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Kilian Hennes - unusual ideas and a pragmatic approach

"People with know-how must bear responsibility," said the microbiologist Dr. Kilian Hennes, who lectures bioprocess engineering at Constance University of Applied Sciences (HTWG). Teaching is one of the major challenges for the experienced scientist and practitioner, in particular because his discipline is seen as somewhat exotic by future process engineers and requires a different way of looking at things. But this is what makes his job truly interesting for him.

Students have relatively little previous knowledge and initially, we have to teach them the basics, said Dr. Kilian Hennes who is nevertheless astonished by his students’ interest in the unusual topic. “They are truly surprised to find about the ground where microbiology and process engineering meet,” said Hennes. Despite seeming so different at first sight, the two disciplines have more in common than it appears, for example in both areas care must be taken to exclude troublesome biological factors from the production process, in the food and pharmaceutical industries for example, but also in the production of medical products.

Not stirred but shaken

Microbiologist Dr. Kilian Hennes teaches bioprocess engineering at Constance University of Applied Sciences. © Keller-Ullrich

In order to develop processes and construct machines that meet specific hygienic and process-kinetic requirements, students have to understand bacterial growth in detail as well as how and where contaminations can occur. For example, obtaining purity and effectiveness of biotechnologically produced drugs is problematic. The cleaning of a facility and necessary validation could become so complex that it might in some cases be wiser to use disposable techniques.

The entire culture reactor is shaken to mix the contents. This requires the application of a completely different technology and hence the designer has to come up with a completely different solution to the problem. Procedural facilities in cleanroom settings are subject to strict requirements. Technical know-how alone is not sufficient; the technician also requires profound microbiological knowledge.

The integration of bioprocess engineering into the process and the bachelor’s course in environmental technology is an important step, said Dr. Kilian Hennes because this strengthens the field of biotechnology at Constance University of Applied Sciences. The engineering and natural sciences are complemented with aspects from the fields of microbiology, genetic engineering, bioprocess kinetics, bioreactors, sterile technology and biochemical sensor technology. This means that seminal process and environmental technology courses are well adapted to the rapid developments in modern biology; and it also means that engineers from the University of Applied Sciences with an understanding of biotechnology are sought-after experts.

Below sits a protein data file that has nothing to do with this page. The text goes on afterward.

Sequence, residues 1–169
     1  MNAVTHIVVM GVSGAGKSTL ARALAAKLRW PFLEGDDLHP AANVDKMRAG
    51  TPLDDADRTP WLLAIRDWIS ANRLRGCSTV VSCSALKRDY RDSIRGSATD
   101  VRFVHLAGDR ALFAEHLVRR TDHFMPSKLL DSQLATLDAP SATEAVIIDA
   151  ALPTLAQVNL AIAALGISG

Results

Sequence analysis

Production is like an ecosystem

Dr. Kilian Hennes collects a sample from a production plant. © Keller-Ullrich
Dr. Kilian Hennes has a wide range of interests. He began by studying water biology but soon found that this was too theoretical and interrupted his studies to go and work in an engineering company. Then he re-started his studies with a biology course, complementing this with philosophy courses and opting for science theory as a minor module. During a trip on a research vessel across the Antarctic Ocean he came to the decision that he would best serve his career by being his own boss and he decided to set up his own business.
And because Dr. Kilian Hennes was not the sort of person to put something off, he began purchasing the first instruments and temporarily storing them at the university even before he had actually finished his doctorate. His university colleagues considered this to be very foolhardy, but the microbiologist was convinced that it was the right thing to do and he was more than prepared to take a risk. “People with know-how have to bear responsibility,” said Hennes.

And so his laboratory for biological analyses was born. However, his interest in his clients’ production processes and the context of production gradually grew. He often met engineers who were aware of the existence of particular laws and requirements to conform to existing norms and standards, but who nevertheless ended up designing products that could not be sold because they were not up to the requirements. “Production is like an ecosystem,” explained Dr. Kilian Hennes. One needs to look at the whole picture, including machines, rooms, employees and processes. Detailed process analysis and knowledge of the interactions leads to fewer problems.

Combining theory and application

Dr. Kilian Hennes has in the meantime sold his analysis laboratory in order to tackle new challenges and new responsibilities. Besides his teaching activities, he has established his “Agency for Industrial Hygiene Management” and audits and advises laboratories and production departments in the pharmaceutical and medical device sector. He also assesses quality management systems as sustainable hygiene policies improve product quality and safety.

In addition, the microbiologist has also initiated a ProInno II research project, in which he works with the University of Constance on the development of a cell-based rapid test. “This is based on a very unusual idea and a pragmatic approach,” explains Dr. Kilian Hennes who considers it particularly important to work with Constance University, a mainly basic research-based university, and the University of Applied Sciences, which is an applied research-based university. He sees great potential in cooperative high-level research and development projects. However, the required organisational structures have to be developed first. 

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